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Preparing for launch
Explorer1
post Nov 19 2011, 10:10 PM
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It says 'flight termination system battery' on that page so it's probably the latter, nprev.
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nprev
post Nov 19 2011, 10:31 PM
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Ah. Thanks, guys.

For some odd reason that seems to be the one that goes bad most frequently on the Atlas & Delta families. Maybe it's because they don't experience as many charge/discharge cycles during pre-launch testing?

If memory serves (and, knowing me, it probably doesn't) they had to replace a flight termination system battery on the booster for one of the MERs as well.


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ugordan
post Nov 19 2011, 10:35 PM
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It could be because the requirements for the FTS system are much more stringent than for other components. Of all the systems and subsystems onboard, that one must be guaranteed to work at all times and in the most severe off-nominal conditions to ensure public safety if anything goes wrong.


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nprev
post Nov 19 2011, 10:39 PM
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Good point, G. There is a fairly significant metropolitan area surrounding the Cape these days, and Vandenberg is a scant 160 km or so from the sprawling LA metro area....25 million people.

Yeah, you're gonna want that battery to work if it's needed. wink.gif


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James Sorenson
post Nov 23 2011, 05:07 AM
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Question: After browsing through the KSC Multimedia images of MSL, and looking at the images of the MMRTG lifting, I am perplexed as to why the MMRTG is completley exposed to the atmosphere. For cooling I can understand, but how is any earthly or air particulate contamination not of concern? I hope it was wiped down good with isopropyl alcohol just prior to installation with the rover huh.gif .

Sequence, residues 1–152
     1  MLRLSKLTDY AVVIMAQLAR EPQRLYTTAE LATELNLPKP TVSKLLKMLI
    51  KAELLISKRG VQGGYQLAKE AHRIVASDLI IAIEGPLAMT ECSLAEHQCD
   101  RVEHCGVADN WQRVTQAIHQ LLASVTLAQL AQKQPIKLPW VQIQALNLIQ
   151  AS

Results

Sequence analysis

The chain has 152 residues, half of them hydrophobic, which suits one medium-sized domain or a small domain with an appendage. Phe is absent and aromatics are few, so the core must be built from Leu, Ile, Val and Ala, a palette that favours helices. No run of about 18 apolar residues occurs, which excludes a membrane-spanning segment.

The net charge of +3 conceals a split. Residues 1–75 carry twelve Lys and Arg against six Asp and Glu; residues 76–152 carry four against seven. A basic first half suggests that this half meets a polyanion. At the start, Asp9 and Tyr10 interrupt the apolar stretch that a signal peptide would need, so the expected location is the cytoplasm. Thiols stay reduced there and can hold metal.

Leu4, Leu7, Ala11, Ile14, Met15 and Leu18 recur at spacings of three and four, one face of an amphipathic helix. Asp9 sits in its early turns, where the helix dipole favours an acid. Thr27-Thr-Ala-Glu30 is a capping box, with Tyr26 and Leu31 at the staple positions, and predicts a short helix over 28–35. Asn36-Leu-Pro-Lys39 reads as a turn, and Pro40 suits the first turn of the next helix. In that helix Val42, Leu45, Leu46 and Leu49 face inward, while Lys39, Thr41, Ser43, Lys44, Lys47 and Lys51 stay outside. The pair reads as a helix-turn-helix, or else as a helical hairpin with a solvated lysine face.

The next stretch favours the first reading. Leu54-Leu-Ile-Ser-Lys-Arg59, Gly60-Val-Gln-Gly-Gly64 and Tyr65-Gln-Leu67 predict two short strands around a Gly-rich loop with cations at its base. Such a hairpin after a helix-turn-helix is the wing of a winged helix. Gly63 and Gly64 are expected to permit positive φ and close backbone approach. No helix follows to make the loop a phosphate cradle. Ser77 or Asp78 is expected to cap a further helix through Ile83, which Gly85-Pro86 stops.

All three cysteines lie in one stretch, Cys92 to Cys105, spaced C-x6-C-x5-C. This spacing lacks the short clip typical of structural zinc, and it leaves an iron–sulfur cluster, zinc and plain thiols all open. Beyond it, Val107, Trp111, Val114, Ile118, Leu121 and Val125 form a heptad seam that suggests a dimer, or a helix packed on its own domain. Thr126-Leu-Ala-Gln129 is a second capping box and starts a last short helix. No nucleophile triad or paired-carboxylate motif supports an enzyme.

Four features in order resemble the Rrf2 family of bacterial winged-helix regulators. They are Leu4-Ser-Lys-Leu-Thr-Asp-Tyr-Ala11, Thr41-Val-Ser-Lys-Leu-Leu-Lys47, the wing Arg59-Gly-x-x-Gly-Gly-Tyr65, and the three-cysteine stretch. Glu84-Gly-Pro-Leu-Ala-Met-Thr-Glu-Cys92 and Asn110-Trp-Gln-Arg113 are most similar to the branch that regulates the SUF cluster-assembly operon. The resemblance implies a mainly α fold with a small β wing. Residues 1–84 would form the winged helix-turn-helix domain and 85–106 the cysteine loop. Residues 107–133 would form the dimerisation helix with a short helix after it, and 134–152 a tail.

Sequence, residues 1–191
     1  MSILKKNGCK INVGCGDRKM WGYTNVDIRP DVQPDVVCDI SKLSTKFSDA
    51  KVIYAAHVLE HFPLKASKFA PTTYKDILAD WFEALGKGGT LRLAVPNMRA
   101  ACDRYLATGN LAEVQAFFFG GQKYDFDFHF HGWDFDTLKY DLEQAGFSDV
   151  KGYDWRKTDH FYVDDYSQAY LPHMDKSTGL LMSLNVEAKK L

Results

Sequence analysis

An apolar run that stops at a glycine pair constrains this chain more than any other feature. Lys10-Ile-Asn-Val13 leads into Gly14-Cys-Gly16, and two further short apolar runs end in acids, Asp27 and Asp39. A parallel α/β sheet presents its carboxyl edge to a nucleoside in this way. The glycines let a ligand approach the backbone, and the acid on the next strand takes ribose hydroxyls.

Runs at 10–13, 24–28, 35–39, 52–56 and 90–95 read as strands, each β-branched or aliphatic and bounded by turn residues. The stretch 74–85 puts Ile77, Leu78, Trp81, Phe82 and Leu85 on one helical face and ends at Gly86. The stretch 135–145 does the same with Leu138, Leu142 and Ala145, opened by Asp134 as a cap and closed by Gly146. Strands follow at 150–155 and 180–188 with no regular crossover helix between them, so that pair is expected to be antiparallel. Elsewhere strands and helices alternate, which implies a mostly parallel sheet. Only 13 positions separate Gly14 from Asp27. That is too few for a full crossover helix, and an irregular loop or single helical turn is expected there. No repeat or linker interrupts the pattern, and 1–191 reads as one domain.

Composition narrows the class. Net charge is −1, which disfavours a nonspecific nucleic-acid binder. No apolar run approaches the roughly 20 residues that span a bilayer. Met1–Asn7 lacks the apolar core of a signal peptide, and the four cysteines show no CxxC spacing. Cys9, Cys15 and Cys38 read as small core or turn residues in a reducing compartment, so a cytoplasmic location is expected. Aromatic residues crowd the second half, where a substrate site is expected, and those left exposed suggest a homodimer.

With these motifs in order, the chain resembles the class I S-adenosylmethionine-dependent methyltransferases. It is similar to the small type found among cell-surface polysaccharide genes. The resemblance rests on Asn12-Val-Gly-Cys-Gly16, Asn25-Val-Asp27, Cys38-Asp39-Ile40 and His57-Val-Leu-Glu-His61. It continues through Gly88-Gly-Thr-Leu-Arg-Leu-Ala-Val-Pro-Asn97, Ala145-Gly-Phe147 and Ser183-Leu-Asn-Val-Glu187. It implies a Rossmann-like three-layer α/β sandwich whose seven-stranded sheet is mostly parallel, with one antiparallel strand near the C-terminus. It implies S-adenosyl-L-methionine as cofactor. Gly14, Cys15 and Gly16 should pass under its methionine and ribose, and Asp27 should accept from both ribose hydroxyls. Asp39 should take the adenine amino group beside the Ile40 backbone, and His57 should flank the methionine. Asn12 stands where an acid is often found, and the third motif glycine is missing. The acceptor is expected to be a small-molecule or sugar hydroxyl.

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Guest_Oersted_*
post Nov 23 2011, 01:01 PM
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The cooling circuit is surely well-insulated. As for the rest: well, added weight is added weight, so there is absolutely no unnecessary shielding on the rovers. Which give them that fantastic home-made look...
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nprev
post Nov 23 2011, 01:17 PM
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Not sure of the methods employed, but I'm certain that they are following the Planetary Protection Protocols (PPP).

Let's give the actual rocket scientists the benefit of the doubt, shall we? rolleyes.gif


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Leither
post Nov 24 2011, 10:03 PM
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http://planetaryprotection.nasa.gov/methods/

provides a good description of the methods used to reduce spacecraft microbial contamination. Unfortunately/fortunately Pu-238 being an alpha emitter, the MMRTG won't self-sterilize! wink.gif
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pospa
post Dec 5 2011, 08:38 AM
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Another potential planetary protection "issue" - not ultraclean drill bits, was mentioned here.
Since MSL is not life-detection mission could this be any seriouse problem when rock interior sampling?
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nprev
post Dec 5 2011, 10:35 AM
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No, not at all.


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